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Neptunia oleracea, commonly known in English as water mimosa or sensitive neptunia, is pantropical nitrogen-fixing perennial legume. Genus and common name come from Neptune, god of the sea, in reference to the aquatic habit of some species in the genus.

Neptunia oleracea
Neptunia oleracea1.jpg
Scientific classification
N. oleracea
Binomial name
Neptunia oleracea
  • Neptunia natans (Druce)
  • Neptunia prostrata (Baillon)
  • Neptunia aquatica (Pers.)



Aerenchyma (white spongy air-conducting tissue that gives stems buoyancy) forms on stems floating in water, but does not form on stems growing on land. Plants typically grow to as much as 6" tall, but stems will spread in the water to 3-5' long. Stems are clad with bi-pinnate, fine, mimosa-like sensitive leaves that close up when touched. Primary leaf segments have 8-40 small oblong leaflets arranged in opposite pairs. Tiny greenish-yellow flowers are densely crowded into feathery orbicular inflorescences that bloom in summer. Fruits are flat pods (to 1-2" long). Floating aquatic plant stems often form thick foliage mats and is considered to be an invasive aquatic weed in some tropical waters where large mats may form that choke waterways, resulting in restricted water flow, reduced water quality, reduced fish activity and loss of some underwater and native wetland plants.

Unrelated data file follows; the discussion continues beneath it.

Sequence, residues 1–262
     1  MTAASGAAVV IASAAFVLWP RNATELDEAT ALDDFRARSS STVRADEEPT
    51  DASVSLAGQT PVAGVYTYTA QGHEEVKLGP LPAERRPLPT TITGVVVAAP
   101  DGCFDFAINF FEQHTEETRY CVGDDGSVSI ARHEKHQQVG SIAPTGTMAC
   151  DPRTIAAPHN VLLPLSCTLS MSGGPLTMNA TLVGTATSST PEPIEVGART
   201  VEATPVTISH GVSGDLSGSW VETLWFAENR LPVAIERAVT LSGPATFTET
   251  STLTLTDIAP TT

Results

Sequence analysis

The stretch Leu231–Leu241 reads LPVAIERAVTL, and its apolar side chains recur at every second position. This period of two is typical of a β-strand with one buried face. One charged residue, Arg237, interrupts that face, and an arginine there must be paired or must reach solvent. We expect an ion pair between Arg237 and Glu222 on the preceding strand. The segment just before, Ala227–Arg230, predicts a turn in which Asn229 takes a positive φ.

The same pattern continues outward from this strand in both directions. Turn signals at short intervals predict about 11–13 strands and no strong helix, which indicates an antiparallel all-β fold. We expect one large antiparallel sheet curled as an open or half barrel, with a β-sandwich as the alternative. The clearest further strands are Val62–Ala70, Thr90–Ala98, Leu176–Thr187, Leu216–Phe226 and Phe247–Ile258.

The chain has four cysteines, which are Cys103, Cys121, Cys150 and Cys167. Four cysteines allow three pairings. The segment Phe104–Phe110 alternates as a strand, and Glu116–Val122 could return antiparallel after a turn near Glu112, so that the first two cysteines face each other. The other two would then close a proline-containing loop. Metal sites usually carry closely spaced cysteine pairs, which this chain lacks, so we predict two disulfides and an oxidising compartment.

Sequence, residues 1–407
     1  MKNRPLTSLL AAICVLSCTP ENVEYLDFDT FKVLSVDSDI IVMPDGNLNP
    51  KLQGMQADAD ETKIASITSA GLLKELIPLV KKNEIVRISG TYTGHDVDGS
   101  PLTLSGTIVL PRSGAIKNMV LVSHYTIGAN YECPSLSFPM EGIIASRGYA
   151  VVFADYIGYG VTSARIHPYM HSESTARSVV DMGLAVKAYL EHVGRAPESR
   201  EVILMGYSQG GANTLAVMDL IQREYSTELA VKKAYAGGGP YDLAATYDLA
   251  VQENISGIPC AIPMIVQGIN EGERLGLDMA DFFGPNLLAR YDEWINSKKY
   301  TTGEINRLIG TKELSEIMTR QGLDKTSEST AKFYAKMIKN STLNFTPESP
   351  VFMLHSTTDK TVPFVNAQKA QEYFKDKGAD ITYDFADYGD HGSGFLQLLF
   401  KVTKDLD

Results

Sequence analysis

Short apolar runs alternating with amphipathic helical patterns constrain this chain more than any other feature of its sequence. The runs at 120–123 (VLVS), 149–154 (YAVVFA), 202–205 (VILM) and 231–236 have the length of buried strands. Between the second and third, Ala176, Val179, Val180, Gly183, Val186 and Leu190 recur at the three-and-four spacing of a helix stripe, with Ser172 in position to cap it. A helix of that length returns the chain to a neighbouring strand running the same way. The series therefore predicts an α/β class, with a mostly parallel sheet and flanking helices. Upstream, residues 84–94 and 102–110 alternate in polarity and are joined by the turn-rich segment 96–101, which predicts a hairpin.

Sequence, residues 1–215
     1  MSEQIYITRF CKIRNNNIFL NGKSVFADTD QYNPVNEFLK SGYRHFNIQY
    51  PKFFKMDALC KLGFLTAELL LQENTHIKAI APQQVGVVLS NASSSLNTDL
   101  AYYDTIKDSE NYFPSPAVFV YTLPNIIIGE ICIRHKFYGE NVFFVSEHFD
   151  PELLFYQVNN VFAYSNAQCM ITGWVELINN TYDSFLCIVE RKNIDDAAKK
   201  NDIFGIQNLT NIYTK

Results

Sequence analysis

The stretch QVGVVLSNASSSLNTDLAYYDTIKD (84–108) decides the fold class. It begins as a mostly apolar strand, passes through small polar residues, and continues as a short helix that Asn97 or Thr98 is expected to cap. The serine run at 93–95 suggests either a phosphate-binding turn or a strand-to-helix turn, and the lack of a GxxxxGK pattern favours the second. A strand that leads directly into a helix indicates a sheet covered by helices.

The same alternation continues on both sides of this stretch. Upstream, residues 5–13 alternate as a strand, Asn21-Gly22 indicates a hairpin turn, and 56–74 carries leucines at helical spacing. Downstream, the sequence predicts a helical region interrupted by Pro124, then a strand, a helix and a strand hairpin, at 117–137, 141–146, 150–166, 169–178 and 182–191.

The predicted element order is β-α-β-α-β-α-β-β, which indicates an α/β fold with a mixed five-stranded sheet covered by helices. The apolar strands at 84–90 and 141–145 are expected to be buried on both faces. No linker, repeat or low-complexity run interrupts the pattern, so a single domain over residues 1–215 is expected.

Primarily found growing prostrate in wet soils near the water's edge or floating on the water in relatively still-water areas. The native habitat of Neptunia oleracea is unknown, but some experts believe it is in the area of Mexico to northern South America.


Yam phak krachet, a Thai salad made with water mimosa


This plant is cultivated as a vegetable in southeast Asia (leaves and shoots have cabbage-like flavor). Young ends of stems and pods are edible and usually eaten raw as a vegetable in Thailand and Cambodia and cultivated much like rice. The young leaves, shoot tips and young pods are usually eaten raw or in stir-fries and curries such as kaeng som.[2]


Juice of the stem and roots are used for medicinal purposes.Whole plant extract exhibited cytotoxic activity on neoplastic cell lines. Extract of the herb exhibited hepatoprotective activity.

Common NamesEdit

  • Khmer: Kanchait (កញ្ឆែត)
  • Meiteilon/Manipuri: Eshing Ekai Thabi
  • Thai: Phak runon (ผักรู้นอน) or phak krachet (ผักกระเฉด), pronounced "phak kachēt".[3]
  • Vietnamese: Rau nhút
  • Sinhalese: දිය නිදිකුම්බා
  • Tamil language: Cuṇṭi, Nīrc-cuṇṭi (Madras Tamil Lexicon, also Tamil Dictionary, Winslow). The name Cuṇṭi comes from its sensitivity to touch; Cuṇṭu: to tap with thumb or finger, Dravidian Etymological Dictionary, 2663)
  • Mon: Khamək (ခမက်)


  1. ^ a b The Legume Phylogeny Working Group (LPWG). (2017). "A new subfamily classification of the Leguminosae based on a taxonomically comprehensive phylogeny". Taxon. 66 (1): 44–77. doi:10.12705/661.3.
  2. ^ Nutritional composition of traditional Thai foods used local vegetables Archived 2012-12-12 at the Wayback Machine
  3. ^ Thai Vegetable guide

External linksEdit